Judith was always a Jerk Ass, but throughout the series she managed to become even worse, to the point that she abuses and neglects Jake, does everything in her power to make Alan's life even worse just for kicks (Like giving Kandi her divorce lawyer) and even treating Herb like he's a third class citizen for no apparent reason.
Chelsea and Mia. By the time Charlie's dead, they outright loathe him, even though he was pretty good to both of them until they broke up.
Transsexual: A transman in 'Old Flame with a New Wick' when one of Charlie's old girlfriends come back...with a new wick. He starts to date Charlie's mom. Once the obligatory torrent of puerile jokes are through, the episode is surprisingly sensitive.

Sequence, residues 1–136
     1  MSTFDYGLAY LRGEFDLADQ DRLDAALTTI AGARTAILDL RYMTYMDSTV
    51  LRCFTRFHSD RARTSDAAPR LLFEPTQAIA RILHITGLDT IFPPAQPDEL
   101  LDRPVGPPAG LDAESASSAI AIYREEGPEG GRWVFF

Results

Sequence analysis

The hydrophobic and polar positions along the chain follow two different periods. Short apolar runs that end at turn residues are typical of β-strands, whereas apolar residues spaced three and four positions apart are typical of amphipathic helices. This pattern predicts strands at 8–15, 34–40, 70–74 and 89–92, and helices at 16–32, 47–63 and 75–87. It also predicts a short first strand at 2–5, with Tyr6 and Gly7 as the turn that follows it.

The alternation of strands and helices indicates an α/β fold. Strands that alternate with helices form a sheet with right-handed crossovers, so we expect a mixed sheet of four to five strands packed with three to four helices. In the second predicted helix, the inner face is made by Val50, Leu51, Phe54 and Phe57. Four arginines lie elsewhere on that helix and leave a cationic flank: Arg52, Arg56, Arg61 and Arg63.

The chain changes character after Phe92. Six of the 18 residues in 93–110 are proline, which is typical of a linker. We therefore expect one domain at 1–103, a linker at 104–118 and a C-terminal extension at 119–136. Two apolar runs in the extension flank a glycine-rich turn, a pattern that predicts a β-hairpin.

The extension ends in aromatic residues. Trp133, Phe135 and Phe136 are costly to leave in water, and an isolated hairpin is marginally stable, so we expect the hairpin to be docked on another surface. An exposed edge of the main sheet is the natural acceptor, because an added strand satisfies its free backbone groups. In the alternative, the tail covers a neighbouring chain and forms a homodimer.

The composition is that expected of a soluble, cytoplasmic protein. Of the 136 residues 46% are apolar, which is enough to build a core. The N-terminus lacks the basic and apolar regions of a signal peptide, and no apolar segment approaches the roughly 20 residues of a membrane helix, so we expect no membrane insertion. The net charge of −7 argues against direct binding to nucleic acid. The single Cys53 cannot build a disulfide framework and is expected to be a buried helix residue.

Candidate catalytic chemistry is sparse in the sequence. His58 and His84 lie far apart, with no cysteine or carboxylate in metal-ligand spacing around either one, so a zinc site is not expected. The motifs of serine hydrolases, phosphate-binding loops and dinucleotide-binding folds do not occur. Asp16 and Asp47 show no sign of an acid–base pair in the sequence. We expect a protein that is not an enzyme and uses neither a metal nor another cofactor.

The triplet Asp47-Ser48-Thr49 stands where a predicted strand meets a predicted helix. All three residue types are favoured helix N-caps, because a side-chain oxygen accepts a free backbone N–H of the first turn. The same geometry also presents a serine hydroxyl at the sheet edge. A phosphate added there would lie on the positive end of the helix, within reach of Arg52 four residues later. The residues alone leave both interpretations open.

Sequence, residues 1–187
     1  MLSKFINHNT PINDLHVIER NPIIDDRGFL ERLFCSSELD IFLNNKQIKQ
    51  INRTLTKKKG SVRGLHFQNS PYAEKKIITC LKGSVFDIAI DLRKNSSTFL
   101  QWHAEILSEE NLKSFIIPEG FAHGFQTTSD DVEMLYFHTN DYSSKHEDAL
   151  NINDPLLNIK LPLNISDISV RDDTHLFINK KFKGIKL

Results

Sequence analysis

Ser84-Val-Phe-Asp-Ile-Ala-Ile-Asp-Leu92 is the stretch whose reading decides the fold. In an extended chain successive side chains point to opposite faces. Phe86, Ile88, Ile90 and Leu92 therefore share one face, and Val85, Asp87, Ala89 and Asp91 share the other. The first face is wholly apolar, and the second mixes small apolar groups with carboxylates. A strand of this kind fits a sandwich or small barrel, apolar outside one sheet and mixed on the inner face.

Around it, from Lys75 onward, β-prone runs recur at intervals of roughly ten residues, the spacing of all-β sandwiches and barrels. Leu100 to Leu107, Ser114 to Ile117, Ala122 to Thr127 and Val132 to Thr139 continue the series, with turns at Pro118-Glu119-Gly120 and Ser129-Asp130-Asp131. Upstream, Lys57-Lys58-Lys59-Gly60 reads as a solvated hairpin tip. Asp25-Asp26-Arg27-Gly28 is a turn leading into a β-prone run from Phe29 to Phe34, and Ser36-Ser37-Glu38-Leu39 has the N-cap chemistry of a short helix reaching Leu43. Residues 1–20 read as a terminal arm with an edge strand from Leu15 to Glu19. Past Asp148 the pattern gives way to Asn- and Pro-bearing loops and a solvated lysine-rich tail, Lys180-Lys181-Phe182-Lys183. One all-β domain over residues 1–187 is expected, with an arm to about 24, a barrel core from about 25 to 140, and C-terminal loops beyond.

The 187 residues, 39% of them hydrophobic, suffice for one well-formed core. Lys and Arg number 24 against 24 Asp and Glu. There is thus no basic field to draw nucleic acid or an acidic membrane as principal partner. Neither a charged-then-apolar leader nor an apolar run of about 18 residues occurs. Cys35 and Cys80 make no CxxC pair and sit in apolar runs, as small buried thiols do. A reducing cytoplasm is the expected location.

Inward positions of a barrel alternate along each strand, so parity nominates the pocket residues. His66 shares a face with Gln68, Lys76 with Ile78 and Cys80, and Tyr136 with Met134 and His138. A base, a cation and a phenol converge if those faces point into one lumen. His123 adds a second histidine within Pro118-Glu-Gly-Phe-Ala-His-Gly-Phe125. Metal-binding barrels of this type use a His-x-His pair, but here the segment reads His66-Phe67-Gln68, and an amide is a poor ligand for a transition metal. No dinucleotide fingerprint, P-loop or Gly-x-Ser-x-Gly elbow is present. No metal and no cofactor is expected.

Viewers Are Morons: The episode "Does This Smell Funny To You?" has a subplot about Jake not being able to find his Gameboy. When he does eventually find it, it's actually a Nintendo DS. Apparently the writers thought viewers wouldn't know what a DS was almost two years after the DS came out. It is possible that Jake was just calling it a Gameboy, though (as many people in real life did at the time).
Vitriolic Best Buds: Walden and Alan again. Yes, Alan is still a moocher. And yes, Walden still acts like a lovesick high schooler. But by season 10 it's clear that they don't have any other friends but each other.
Whenever they're not fighting, Charlie and Alan were this.
Whenever they're united about something, Charlie and Evelyn are also this.
Volleying Insults: In "Not in Front of the Child", Alan and Charlie play a "word game"; they trade insults using each letter of the alphabet.